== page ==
Dustin Welper and Mr. 4 Percent. Photo: Neanderthal Museum

MUSE - Science Museum of Trento, Italy

Bears and Humans Project: a new tale of bears and humans in Trentino throughout prehistory – Dr. Nicola Nannini

Due to to the rich archeological records, the Trentino Alto Adige region is an important territory to understand the evolution of the relationship between bears and humans.

In fact, the Alpine territory has always represented the natural habitat of this animal, whose history is tightly intertwined with the evolution of both the landscape and human behaviour ever since the Palaeolithic.

The reseach project focuses on the zooarcheological and taphonomic analysis of bear bones, combined with the application biochemical analyses such as ZooMS (Zooarchaeology by mass spectrometry), isotopic analysis and ancient DNA analysis with the contribution of partner institutions, both italian and european.

The objective is to define the role of the bear during a period of 10,000 years, between the Upper Palaeolithic and the Iron Age, decoding the hunting strategies through experimental paleo-ballistic protocols, the gestures of prey processing and the use of the relative resources.

In addition, the experimental archeology approach together with ethnographical information contribute to the interpretation of archaeological remains and the reconstruction of human habits up to the recognition of a possible symbolic treatment of bones related to bear-ceremonial behaviors.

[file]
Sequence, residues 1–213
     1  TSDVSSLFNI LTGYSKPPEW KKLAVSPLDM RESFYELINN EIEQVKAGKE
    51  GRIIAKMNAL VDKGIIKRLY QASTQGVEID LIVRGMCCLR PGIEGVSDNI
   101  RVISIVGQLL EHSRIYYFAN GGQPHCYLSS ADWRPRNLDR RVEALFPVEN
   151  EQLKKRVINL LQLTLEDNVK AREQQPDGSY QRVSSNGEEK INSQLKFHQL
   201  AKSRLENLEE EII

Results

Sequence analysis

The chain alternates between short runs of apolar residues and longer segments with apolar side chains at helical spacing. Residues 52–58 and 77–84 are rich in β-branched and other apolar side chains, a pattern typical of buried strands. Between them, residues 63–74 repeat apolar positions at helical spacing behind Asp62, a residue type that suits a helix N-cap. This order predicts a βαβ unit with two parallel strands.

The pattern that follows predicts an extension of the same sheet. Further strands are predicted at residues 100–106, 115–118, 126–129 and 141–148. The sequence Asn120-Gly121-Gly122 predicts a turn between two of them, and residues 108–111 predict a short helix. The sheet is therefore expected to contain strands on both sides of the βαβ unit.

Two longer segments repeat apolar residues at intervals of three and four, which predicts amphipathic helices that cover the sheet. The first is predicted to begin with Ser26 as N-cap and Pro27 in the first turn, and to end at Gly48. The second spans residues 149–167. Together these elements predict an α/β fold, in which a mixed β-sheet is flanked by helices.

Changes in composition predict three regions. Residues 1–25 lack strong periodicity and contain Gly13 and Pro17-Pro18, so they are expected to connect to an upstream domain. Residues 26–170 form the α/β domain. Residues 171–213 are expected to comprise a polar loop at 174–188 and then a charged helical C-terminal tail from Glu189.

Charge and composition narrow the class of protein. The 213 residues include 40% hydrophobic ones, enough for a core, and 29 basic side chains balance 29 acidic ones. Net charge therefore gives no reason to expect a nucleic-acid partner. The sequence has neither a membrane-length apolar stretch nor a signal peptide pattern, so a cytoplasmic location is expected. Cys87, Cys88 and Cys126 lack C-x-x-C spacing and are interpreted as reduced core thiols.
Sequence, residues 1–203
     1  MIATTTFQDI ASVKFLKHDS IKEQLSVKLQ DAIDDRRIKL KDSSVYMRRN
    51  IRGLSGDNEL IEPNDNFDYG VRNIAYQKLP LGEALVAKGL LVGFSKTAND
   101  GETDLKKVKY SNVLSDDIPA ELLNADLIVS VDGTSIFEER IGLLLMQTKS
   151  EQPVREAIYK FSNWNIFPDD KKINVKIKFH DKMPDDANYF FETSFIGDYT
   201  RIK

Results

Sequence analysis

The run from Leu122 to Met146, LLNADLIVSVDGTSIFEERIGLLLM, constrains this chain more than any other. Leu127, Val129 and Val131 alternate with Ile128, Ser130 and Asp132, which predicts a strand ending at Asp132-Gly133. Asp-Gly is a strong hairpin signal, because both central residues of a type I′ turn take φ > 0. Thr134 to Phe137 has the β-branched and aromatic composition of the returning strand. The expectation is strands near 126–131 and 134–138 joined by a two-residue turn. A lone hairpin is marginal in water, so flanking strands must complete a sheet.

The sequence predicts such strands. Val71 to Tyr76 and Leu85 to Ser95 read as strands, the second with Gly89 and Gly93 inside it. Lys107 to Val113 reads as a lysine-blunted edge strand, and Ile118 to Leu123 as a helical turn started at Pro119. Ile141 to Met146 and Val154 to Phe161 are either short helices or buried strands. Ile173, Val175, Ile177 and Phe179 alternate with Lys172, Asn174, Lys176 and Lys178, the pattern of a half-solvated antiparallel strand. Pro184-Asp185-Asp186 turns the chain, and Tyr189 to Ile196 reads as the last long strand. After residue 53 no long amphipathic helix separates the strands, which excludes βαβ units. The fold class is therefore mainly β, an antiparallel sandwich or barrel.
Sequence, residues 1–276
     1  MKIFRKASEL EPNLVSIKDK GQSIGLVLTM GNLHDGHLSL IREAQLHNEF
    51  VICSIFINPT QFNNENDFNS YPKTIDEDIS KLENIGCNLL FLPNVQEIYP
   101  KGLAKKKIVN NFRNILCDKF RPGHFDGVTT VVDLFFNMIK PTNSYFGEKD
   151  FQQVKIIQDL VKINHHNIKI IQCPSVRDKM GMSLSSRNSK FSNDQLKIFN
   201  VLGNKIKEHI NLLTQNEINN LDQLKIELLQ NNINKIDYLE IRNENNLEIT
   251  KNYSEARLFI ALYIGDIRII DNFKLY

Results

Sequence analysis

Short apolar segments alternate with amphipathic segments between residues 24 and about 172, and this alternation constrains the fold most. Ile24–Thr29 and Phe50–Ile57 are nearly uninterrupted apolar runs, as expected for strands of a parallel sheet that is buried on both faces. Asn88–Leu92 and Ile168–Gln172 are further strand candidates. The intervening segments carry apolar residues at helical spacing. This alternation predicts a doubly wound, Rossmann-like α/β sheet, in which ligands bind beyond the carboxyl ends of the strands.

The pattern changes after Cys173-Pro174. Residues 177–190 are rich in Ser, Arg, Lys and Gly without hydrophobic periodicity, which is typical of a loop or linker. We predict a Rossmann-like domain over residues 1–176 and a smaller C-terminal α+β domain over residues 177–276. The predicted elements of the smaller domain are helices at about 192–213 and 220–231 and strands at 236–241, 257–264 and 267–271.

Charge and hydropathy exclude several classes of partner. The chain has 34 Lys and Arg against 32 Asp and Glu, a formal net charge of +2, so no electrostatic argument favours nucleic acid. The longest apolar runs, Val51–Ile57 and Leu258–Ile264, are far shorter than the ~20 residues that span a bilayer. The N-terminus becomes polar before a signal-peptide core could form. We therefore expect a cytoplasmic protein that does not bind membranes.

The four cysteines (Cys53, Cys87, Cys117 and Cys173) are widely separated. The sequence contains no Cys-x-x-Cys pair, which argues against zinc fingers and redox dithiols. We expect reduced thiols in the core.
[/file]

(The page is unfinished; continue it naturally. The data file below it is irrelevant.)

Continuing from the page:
This research is co-funded by MUSE – Science Museum of Trento and Caritro Foundation.
Prehistoric research at MUSE is supported by Nerobutto srl.

Overlapping faces of a bear and a man
Bears and Humans Project Visual. MUSE

MUSE - Science Museum of Trento, Italy

Humans and freshwater ecosystems: a 10,000-year-long history - Noemi Dipino M.A.

As part of her Ph.D. program at the University of Ferrara, Noemi Dipino investigates the interactions between humans and the complex ecological mosaic that characterizes the Adige Valley since the Mesolithic period, focusing in particular on the Adige River and the resources associated with its waters: from ichthyofauna to beavers, from otters to pond turtles.

According to an innovative mode of interdisciplinary analysis that straddles archaeology and environmental sustainability, the project aims to reconstruct a 10,000-year-long history. Analysing the connection between humans and the freshwater biodiversity from prehistory, when the first exploitation of the Adige valley took place, to the present day, after the river has undergone profound rectification processes.

The protagonist of this research is the fish fauna, studied thanks to a comparative osteological collection at the MUSE zooarchaeology laboratory in Trento, Italy. An important part of the research is the analysis of the seasonality of the investigated sites, done by estimating the age of the fish fauna through the growth rings of scales, otoliths and vertebra. These data will provide interesting insights for the reconstruction of settlement strategies and seasonal mobility patterns implemented by human groups during the Mesolithic.

Noemi Dipino’s research is funded by MUSE – Science Museum of Trento and University of Ferrara.
Prehistoric research at MUSE is supported by Nerobutto srl.

Colored drawing of a prehistoric group walking towards a river bed
Mesolithic landscape in the Adige Valley. Drawing: Mauro Cutrona. MUSE